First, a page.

There is currently a conflict between federal and state law with respect to the manufacture and sale of cannabis and cannabis-infused products. Under the Controlled Substances Act (“CSA”), it remains illegal under federal law to manufacture, sell, process or transport such goods across state borders. Penalties for violating the CSA include substantial civil fines and imprisonment. Although in recent years many states have enacted laws that permit the cultivation, processing, sale and/or use of cannabis-related products, such authorization is expressly limited to activities within the state’s borders. Under the 2013 memorandum commonly known as the Cole Memorandum, the U.S. Department of Justice directed federal prosecutors and law enforcement officials to limit their enforcement of the CSA against businesses operating in accordance with state laws to cases in which there has been a violation of one of eight enforcement priorities. One such enforcement priority is to “prevent the diversion of marijuana from states where it is legal under state law in some form to other states.” In order to avoid violating the CSA, state laws and the Cole Memorandum, it is essential that business owners do not create any licensing program that calls for transporting controlled substances across state lines.
Although there are strict limitations on transporting infused products between states, businesses may lawfully license their intellectual property to companies in other states. Legal cannabis operators allocate a tremendous amount of time, money and effort to creating and improving their product brands, formulas, cultivation techniques, extraction methodologies, operational methods and supporting documentation. These IP assets do not constitute controlled substances under the CSA, they have tremendous value and can be both protected and monetized.
The ability for cannabis operators to license their IP assets is also limited because the U.S. Patent and Trademark Office has refused to register marks used for cannabis products, paraphernalia and/or certain related support services. The USPTO, through its Trademark Trial and Board has consistently held that, to be registered by the USPTO, the use of a mark must be “lawful” under federal law to qualify for federal registration. Notwithstanding this limitation, operators have been able to register marks with the USPTO in connection with consulting services, educational services and non-infused products. Operators have also registered their marks with various state registries.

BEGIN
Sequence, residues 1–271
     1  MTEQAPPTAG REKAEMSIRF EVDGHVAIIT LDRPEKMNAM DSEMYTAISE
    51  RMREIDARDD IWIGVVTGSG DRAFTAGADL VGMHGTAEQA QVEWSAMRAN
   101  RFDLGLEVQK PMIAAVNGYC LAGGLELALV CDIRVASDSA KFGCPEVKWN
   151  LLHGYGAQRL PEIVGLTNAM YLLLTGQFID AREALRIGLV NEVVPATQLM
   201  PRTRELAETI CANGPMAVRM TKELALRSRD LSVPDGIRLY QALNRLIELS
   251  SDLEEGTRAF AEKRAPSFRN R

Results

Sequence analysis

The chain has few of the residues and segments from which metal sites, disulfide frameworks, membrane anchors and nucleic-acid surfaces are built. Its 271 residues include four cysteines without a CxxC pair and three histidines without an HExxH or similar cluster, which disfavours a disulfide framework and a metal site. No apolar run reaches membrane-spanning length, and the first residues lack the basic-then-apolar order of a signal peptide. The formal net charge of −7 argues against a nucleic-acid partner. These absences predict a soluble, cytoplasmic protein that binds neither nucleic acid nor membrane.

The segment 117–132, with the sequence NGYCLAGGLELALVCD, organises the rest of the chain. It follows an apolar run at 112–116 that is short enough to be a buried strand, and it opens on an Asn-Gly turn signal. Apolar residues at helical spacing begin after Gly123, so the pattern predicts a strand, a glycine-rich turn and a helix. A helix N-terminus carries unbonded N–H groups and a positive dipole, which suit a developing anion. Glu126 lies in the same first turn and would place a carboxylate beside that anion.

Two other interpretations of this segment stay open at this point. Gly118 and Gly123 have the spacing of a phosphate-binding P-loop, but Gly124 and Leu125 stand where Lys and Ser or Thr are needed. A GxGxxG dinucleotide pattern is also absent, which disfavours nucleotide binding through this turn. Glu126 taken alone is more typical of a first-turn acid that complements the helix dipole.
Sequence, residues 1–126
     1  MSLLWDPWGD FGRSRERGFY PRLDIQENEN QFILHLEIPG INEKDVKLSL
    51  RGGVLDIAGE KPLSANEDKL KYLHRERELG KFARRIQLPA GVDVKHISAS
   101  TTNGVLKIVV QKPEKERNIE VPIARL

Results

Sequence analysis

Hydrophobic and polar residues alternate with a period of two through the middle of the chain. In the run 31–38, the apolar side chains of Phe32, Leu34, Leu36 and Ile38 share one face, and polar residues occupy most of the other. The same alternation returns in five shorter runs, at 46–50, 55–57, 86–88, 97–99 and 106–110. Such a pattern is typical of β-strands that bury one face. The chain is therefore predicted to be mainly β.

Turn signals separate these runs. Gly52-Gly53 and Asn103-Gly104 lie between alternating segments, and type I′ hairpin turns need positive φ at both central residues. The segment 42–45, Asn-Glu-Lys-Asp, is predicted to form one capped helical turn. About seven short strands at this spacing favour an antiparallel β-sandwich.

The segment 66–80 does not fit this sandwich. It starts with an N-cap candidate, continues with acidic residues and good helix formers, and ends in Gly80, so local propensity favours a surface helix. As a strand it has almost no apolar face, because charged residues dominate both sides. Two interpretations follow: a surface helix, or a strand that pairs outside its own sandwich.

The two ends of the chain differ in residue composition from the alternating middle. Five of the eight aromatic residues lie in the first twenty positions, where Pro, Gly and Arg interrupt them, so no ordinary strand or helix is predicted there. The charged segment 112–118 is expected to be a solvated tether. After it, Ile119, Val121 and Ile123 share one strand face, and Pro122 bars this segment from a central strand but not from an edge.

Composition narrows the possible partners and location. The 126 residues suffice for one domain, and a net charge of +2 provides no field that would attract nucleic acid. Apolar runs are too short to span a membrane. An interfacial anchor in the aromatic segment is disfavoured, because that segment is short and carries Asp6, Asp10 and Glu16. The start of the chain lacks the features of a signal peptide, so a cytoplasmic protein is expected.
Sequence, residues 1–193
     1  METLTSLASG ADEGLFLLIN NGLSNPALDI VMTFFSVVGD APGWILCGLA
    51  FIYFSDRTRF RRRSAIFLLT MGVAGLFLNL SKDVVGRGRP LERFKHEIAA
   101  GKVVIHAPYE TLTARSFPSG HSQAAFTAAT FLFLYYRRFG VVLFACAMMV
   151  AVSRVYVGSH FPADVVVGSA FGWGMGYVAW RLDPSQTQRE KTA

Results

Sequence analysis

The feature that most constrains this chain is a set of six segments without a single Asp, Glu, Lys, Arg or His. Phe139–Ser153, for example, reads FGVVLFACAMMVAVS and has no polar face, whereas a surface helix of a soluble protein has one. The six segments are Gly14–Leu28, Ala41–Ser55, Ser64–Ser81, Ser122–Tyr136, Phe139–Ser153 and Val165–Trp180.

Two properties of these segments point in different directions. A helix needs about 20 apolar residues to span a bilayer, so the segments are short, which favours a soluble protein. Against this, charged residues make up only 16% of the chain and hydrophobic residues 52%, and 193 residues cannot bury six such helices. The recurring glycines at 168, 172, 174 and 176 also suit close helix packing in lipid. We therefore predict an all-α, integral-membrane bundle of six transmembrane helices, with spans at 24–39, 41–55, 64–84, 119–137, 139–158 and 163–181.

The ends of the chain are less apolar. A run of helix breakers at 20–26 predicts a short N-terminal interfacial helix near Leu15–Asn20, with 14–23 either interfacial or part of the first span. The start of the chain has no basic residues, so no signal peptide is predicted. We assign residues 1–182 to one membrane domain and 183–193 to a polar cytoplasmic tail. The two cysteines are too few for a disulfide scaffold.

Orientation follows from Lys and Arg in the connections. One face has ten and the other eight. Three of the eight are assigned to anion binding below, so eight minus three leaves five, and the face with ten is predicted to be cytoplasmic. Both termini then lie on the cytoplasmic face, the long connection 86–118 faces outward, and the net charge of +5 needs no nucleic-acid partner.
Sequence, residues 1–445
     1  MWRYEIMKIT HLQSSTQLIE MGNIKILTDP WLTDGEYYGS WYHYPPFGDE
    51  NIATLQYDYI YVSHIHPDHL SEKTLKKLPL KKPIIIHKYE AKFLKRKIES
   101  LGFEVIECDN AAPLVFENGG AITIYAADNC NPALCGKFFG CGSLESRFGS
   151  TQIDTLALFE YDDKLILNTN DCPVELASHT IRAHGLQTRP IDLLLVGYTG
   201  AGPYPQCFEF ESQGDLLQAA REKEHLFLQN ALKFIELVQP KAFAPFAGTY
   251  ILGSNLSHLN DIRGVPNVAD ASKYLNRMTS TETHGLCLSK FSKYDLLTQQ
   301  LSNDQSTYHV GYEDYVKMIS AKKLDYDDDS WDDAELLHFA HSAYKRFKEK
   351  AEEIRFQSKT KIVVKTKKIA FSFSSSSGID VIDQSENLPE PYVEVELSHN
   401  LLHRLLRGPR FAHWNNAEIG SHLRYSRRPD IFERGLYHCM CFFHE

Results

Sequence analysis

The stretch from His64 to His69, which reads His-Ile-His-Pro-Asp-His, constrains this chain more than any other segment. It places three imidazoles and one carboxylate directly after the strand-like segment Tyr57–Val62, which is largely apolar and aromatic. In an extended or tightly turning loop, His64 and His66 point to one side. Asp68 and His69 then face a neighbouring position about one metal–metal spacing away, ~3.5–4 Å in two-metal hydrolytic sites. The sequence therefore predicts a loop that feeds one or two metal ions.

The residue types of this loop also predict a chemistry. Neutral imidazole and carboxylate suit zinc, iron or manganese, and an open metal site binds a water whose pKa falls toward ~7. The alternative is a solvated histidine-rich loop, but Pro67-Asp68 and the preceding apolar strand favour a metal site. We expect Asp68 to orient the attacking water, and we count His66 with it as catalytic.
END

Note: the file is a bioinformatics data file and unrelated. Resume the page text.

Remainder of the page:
Under the current circumstances, how can operators in one state properly license their IP assets to businesses or applicants in other states? While licensing deals are not to be viewed as a formulaic or “one size fits all proposition,” such arrangements often include most or all of the following components:
- A successful operator in the legal cannabis industry creates a separate IP licensing company
- No controlled substances cross state lines
- The licensee in each state remains solely responsible for all manufacturing and distribution issues within that state
- The licensor may provide training, equipment, non-infused supplies and/or operational consulting
- The parties structure payment terms to comply with the laws of both jurisdictions.
The parties to the license agreement must also be careful to not create an arrangement which qualifies as an unregistered franchise system. While franchise laws vary from state to state, the Federal Trade Commission’s general definition of a franchise is a system in which: (1) the licensee obtains the right to operate a business that is identified or associated with the licensor’s mark; (2) the licensee exerts or has authority to exert a significant degree of control over the licensee’s operations; and (3) the license makes required payments as a condition to using the license. In order to avoid this potential problem, a licensor can impose conditions on the use of its mark without attempting to exert any meaningful control on the overall operations of the licensee’s business.
A licensing agreement must also be flexible enough to address what will happen if and when there is a change in the applicable laws, regulations or enforcement policies of either the federal government or any applicable state or local government. Each licensing agreement must be tailored to the specific parties, states, laws, products, services and assets in question. In particular, license agreements should include payment provisions that do not violate the state laws of either the licensor or the licensee. In some states, an out-of-state licensor receiving royalties from an in-state licensee would be treated as possessing a direct financial interest in the licensee, which would trigger an in-state residency requirement for the licensor. Some states with legal cannabis programs restrict the amount and type of payments that may be paid to out-of-state companies. Additionally, some states prohibit involvement in their cannabis industry by companies that are not licensed to trade in cannabis in the state.
Parties to a cannabis industry license should regularly revisit the contract during the term of the agreement. Both the licensor and the licensee should regularly make sure that each side is honoring its obligations and identify any changes required due to changes in the law or applicable circumstances. With proper operating procedures, the parties can make needed amendments to the agreement before a small issue becomes a substantial problem.